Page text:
The mind and the body are inseparable, part of the same organism. You can’t have one without the other. And each affects the way the other works.
Triggers are a good example. You see (or read) or hear or smell or touch something that unlocks an emotion in your brain. You then have a visceral reaction to that feeling — sweating, shaking, nausea, panic flight, or another physical manifestation.
These reactions are most commonly seen in severe PTSD and trauma related to abuse, but they can happen in less severe circumstances as well. Even something as seemingly innocent as tickling can put the brain in command of a bodily sensation. For example, once I was tickled to the point of pain, with the other person refusing to stop when I pleaded for him to. Ever since, my reaction to tickling is both physical and mental. My brain tells my body to shut down the physical sensation of touch. That may seem — and is — comparatively mild, and I don’t want to diminish the experiences of people suffering with PTSD and reactions to trauma. But it shows how my body and brain interact, almost in a feedback loop.
In circumstances like these, the body signals the brain and the brain tells the body how to react. It’s not like a person can choose whether to be traumatized or not by a trigger. The brain takes over.
Lately, I’ve been facing a fairly deep depression and have faced a lot of things that are triggers for me — financial problems, relationship troubles, overwork, etc. I’ve been feeling the bodily lethargy, exhaustion, psychic numbness, and neurasthenia that come with depression. These certainly affect my body, making me twitchy and nervous and unable to sleep (or to sleep too much), or unwilling or unable to face the world outside, some of the more noted hallmarks of depression and anxiety.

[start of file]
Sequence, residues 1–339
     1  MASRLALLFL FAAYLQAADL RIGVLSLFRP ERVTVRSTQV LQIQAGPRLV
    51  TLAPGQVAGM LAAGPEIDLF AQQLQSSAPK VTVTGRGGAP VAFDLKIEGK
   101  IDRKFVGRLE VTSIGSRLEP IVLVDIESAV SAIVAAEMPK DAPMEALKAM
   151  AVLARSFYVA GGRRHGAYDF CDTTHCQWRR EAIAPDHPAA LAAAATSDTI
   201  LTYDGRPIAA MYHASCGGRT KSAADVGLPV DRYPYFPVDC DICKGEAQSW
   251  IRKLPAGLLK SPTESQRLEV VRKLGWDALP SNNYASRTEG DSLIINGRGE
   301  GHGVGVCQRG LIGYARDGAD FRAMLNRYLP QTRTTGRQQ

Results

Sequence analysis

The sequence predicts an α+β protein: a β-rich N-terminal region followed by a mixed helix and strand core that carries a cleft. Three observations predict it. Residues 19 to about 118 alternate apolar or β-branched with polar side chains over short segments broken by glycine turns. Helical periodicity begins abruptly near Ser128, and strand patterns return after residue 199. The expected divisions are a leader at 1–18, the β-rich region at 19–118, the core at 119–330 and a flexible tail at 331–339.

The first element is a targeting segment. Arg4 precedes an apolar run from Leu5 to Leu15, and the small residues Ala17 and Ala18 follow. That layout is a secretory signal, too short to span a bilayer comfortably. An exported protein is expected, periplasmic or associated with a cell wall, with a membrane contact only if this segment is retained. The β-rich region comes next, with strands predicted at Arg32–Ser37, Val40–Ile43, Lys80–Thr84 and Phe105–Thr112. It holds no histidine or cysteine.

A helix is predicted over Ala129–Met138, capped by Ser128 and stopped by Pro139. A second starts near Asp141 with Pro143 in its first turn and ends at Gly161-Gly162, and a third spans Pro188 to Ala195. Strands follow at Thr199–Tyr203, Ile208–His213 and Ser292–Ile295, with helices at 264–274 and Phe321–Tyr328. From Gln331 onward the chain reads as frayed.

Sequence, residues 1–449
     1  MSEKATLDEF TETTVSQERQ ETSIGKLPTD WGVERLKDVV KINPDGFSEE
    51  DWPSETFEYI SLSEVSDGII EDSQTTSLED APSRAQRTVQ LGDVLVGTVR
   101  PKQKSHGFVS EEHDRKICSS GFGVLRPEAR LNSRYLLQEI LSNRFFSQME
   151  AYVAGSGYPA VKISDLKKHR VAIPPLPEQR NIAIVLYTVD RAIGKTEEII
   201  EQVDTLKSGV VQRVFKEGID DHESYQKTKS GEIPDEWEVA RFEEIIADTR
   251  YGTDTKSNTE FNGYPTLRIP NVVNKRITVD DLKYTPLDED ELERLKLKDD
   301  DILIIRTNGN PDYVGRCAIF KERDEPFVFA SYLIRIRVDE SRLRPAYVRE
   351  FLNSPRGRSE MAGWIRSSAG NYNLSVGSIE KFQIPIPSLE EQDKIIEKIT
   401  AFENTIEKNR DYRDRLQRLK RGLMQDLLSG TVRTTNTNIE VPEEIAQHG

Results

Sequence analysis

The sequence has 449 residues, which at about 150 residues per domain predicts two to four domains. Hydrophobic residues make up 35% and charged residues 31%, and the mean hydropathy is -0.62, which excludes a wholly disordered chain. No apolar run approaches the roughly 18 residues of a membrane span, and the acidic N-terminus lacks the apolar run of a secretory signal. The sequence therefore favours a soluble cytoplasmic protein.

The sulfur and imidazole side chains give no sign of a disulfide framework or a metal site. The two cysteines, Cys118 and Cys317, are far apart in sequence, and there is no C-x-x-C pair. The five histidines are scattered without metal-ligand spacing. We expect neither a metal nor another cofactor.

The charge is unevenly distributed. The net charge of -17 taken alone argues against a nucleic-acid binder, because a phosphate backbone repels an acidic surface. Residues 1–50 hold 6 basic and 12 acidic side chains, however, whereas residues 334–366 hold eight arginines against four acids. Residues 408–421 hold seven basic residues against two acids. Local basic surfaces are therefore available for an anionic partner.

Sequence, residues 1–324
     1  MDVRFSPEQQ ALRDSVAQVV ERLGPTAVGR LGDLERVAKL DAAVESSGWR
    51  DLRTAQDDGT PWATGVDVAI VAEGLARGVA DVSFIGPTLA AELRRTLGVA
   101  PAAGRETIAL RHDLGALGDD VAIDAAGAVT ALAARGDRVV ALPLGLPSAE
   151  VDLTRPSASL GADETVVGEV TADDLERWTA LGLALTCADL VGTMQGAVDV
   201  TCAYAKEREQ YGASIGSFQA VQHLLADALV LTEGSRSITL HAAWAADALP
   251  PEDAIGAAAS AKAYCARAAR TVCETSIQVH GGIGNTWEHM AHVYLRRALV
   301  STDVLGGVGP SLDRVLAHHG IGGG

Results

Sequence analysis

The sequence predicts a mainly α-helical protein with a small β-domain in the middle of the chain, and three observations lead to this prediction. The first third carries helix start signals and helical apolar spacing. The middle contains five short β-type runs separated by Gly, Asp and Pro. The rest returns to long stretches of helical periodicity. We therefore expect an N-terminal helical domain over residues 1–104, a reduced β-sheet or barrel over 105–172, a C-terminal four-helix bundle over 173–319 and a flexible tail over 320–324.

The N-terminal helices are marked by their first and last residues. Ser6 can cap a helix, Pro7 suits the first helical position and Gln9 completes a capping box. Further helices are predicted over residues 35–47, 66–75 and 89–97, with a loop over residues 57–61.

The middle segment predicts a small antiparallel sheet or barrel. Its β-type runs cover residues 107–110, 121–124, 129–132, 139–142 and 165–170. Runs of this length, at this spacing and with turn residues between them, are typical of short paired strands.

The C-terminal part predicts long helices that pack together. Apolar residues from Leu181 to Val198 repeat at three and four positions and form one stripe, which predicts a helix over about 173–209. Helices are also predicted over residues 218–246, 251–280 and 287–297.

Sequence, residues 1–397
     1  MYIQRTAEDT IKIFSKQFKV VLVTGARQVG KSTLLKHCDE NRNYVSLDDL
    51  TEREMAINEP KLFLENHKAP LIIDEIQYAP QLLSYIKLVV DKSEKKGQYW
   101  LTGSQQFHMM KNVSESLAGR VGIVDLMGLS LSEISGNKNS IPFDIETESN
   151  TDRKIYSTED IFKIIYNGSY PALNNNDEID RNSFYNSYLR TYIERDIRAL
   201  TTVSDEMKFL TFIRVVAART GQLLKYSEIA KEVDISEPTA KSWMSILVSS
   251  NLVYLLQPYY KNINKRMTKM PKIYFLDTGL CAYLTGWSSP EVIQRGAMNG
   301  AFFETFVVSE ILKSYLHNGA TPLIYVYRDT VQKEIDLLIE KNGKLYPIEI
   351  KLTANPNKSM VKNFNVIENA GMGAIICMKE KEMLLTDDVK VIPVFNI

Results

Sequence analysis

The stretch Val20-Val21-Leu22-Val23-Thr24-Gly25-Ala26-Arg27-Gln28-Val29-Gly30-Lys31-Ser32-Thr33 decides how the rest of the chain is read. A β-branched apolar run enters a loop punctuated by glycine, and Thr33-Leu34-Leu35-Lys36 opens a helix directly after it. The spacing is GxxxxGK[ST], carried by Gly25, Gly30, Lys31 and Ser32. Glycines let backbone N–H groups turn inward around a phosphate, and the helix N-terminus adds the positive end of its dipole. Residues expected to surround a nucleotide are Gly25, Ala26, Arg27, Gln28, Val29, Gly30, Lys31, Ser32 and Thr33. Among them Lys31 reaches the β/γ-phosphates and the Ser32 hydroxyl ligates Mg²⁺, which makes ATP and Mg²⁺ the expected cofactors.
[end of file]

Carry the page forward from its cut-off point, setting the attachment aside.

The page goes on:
But after a recent visit to my primary care physician, I began to wonder if my body was influencing my brain in a rather direct way. Of course, before I got to see the physician, I had to fill out the depression screener, and as usual, I underplayed my symptoms by a bit. After all, I’m already under a psychotherapist’s and a psychiatrist’s care for it. It’s to be expected if I don’t present as all cheery and “normal.”
After chatting with the doctor about my symptoms (most, I thought, related to growing older), he ordered a bunch of tests for me. I’m to have a mammogram, a ColoGuard test, a bone scan to check my bone density, and had a whole bunch of blood tests.
The mammogram and bone scan I’ve scheduled, though they couldn’t work me in until September. (Evidently there is a lot of pent-up demand for hospital-based testing, as the hospitals weren’t doing non-elective stuff during the pandemic.)
Then the results started coming in. White and red blood cells, okay. Liver function, okay. Glucose and triglycerides, okay. Nearly everything within parameters.
I say “nearly” because I got a call from the doctor’s office saying that he wanted to double my thyroid medication. I had been taking a small amount, but now he figured I needed more.
I looked up the symptoms of hypothyroidism on the Mayo Clinic website, which seems trustworthy. They noted that that the condition may be attributed by the patient to growing older. I definitely noticed those: sensitivity to cold, muscle weakness or aches, and joint pain, all of which I feel.
Then there were other symptoms, which I had attributed either to my psychiatric diagnosis (bipolar II) or to the medications I take for it: fatigue, weight gain, thinning hair, impaired memory, and the biggie — depression.
Between the two sets of symptoms, I could see that the doctor had good reason to suspect my thyroid was out of whack and to prescribe an increased dose of the medication. I am now taking the higher dose and waiting to see what happens.
But it struck me: Maybe my symptoms were a combination of bipolar disorder and thyroid hormone deficiency. Maybe my body was trying to tell me something — that not all the symptoms I feel were caused by my glitchy brain. Maybe some of them were caused by my glitchy thyroid.
I have not been taking the new dosage long enough to see any effects, but I have hope. Perhaps, if and when the new dose kicks in, I will feel less of the lethargy, hopelessness, and other attributes of bipolar disorder.
Maybe my brain and my body have conspired to make me feel the way that I do. Maybe there is some relief to be had from treating my body with hormones, rather than just my brain with psychotropics. Maybe I’m not spiraling down into depression as thoroughly as I thought I was. Maybe a little tweak in my medication will help me to feel better.
Maybe if my body problems get worked out, my brain problems will not assert themselves so aggressively.
It is devoutly to be hoped.